The histogram is your best friend.
I will explain in the most simple way I can to help you understand how easy it is to use, and you will love using it because it will help you keep inside the boundaries of exposure.
For example, looking at the histogram image above shows these boundaries. Too much to the left is too underexposed. too far to the right is overexposed. try to stay off the left wall and the right wall.
Try to keep the histogram in the happy middle area of the diagram shown above when you first start using it, but it is not the rule! you can be creative with using the histogram meter by deciding if you want some parts of your images to be more darker or lighter! it’s your choice, however, you can break the rules a little sometimes, Like if you’re taking sky photos at night and your image shows it’s too underexposed.
Remember you will probably be taking a time shot, this means your slowing down the shutter speed to let more light in over a longer time period like maybe 10 seconds or longer, and the histogram will not help you in real time in this situation because it thinks your taking an underexposed shot.
The histogram doesn’t know you’re taking a time shot. now you’re in the experiment mode, you have to take multiple shots to get it right, this is common for all photographers.
No one can say what are the right settings on your camera to take night sky photos. there are base starter settings, for example, you will want to let more light in by turning the aperture F/Stop to the widest setting F/1.4 or F/1.8 or maybe yours is F/2.0 F/2.8 some kit lenses are a little higher F/3.5 and you can still take great night sky photos with that too.
After you set the aperture, now go to the ISO to increase the overall light, the ISO measures the sensitivity of the image sensor, for night time photos I would start with an ISO 800 to 3200 then take some test shots to see where your best ISO setting will work for you.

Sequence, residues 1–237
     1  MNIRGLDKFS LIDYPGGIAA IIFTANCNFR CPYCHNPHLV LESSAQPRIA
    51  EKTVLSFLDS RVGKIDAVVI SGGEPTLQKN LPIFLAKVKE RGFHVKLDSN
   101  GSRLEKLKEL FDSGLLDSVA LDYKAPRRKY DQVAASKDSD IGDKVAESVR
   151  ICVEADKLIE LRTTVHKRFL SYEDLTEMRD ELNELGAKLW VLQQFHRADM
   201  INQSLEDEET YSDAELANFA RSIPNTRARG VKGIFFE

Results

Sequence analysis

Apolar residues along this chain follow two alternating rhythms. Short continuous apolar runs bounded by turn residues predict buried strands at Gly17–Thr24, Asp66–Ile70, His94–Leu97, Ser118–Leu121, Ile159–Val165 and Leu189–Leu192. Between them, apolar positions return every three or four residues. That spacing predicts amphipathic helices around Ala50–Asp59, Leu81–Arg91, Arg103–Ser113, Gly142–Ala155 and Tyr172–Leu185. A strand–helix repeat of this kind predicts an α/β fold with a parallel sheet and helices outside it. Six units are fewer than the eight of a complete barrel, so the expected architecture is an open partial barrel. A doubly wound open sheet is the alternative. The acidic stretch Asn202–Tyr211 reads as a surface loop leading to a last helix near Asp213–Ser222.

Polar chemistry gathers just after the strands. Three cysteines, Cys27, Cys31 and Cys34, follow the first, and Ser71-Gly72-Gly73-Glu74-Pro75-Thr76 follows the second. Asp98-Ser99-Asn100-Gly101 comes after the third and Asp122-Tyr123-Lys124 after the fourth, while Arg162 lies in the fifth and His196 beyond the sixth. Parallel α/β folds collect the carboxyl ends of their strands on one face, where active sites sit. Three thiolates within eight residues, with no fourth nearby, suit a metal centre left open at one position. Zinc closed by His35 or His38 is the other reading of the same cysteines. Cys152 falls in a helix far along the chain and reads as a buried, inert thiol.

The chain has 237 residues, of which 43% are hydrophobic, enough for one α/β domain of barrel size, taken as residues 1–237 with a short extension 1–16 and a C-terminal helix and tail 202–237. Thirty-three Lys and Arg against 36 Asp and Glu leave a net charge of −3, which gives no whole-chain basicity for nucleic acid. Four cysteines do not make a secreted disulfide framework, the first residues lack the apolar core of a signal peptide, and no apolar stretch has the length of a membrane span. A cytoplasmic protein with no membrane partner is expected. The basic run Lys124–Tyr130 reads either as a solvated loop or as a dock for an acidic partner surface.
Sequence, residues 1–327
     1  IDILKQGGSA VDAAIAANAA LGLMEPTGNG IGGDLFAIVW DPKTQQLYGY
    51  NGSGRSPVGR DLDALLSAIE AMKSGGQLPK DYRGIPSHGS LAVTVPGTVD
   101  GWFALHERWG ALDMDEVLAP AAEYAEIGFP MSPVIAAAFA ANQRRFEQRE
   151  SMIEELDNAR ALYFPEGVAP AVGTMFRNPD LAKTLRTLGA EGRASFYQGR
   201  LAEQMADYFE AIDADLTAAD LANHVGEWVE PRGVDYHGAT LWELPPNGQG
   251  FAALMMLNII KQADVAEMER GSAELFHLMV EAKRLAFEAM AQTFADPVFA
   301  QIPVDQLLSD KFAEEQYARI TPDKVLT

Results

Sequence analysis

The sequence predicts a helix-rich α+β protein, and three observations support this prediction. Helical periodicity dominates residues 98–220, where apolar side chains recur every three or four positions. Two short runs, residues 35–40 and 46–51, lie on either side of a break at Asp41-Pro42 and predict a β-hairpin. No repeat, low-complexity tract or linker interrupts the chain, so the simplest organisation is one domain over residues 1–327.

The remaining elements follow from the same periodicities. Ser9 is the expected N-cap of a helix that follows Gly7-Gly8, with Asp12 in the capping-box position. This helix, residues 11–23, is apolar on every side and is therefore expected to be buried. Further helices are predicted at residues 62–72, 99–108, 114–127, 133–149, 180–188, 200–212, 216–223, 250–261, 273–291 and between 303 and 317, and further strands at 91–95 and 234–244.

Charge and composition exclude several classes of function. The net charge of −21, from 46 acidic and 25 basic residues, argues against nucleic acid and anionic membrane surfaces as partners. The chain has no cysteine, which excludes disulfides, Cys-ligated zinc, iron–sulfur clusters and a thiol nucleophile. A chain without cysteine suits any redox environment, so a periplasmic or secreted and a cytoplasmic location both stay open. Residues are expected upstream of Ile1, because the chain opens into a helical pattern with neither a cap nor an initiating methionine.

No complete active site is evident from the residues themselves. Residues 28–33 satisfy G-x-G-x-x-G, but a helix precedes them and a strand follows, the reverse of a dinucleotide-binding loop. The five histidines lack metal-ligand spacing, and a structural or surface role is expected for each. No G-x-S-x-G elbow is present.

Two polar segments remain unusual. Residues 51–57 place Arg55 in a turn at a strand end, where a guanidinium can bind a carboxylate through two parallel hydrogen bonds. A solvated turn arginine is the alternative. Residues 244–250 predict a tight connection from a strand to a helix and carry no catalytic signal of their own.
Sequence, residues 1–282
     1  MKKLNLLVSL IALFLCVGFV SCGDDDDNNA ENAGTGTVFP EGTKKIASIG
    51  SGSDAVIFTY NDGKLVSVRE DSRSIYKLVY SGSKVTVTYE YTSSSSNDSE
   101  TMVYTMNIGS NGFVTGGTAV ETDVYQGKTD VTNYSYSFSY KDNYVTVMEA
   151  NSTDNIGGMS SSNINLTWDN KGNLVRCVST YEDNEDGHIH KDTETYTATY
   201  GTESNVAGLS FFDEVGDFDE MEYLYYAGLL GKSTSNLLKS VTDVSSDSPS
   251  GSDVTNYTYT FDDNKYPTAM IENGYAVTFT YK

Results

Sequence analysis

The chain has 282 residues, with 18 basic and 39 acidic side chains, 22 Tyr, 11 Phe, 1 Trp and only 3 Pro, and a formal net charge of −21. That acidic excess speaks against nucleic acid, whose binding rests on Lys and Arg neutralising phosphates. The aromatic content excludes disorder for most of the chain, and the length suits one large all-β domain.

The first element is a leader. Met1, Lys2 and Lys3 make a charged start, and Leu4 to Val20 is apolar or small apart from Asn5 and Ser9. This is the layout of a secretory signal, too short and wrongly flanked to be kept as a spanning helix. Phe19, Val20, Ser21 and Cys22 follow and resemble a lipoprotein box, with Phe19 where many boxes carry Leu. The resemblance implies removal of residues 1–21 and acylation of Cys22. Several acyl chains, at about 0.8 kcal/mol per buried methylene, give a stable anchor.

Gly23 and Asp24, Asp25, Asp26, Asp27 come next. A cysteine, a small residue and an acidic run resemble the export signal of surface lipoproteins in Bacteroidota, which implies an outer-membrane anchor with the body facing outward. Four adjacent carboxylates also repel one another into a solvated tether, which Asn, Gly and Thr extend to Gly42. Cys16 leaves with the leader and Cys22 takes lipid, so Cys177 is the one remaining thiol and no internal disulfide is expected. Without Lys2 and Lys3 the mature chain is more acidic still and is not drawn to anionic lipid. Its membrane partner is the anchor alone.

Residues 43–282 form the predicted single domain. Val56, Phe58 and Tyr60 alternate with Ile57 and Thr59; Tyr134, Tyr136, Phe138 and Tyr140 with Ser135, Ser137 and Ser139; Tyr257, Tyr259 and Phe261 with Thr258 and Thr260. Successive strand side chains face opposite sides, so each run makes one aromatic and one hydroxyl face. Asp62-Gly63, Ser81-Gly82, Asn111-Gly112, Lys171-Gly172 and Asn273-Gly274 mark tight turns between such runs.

After taking the shot look at the histogram of the shot taken to see if it is in the safe range so you can edit it later, your camera has a setting in the review mode to show what the histogram says about the exposed image.
As long as the exposure peaks are anywhere between the two walls left and right in the histogram, you are safe to edit the data in the photo to bring it to the proper exposure in post editing software.
I use Adobe Lightroom for editing, It’s only $10.59 a month to use, I think that’s well worth it and it is the standard.
I won’t take a photo without seeing my histogram on the camera viewer. before and after I take the photo, always check it after you take it.
I always use the live view feature so I know what I’m getting in real time, this way I’m not always looking down and hitting the preview button to see if the test shot is good, that takes extra time, and if you’re trying to make money taking photos, your wasting precious time.
Most cameras have the live view feature, so look for it in your menus on your camera. and if you can’t find it, try downloading the PDF file, I’m sure you can google it for download for most cameras, Make sure you type the camera name and the model number for the correct PDF.
You can watch youtube videos. about your camera’s settings. here is a very good explanation of the histogram and how it will help you in this video below.
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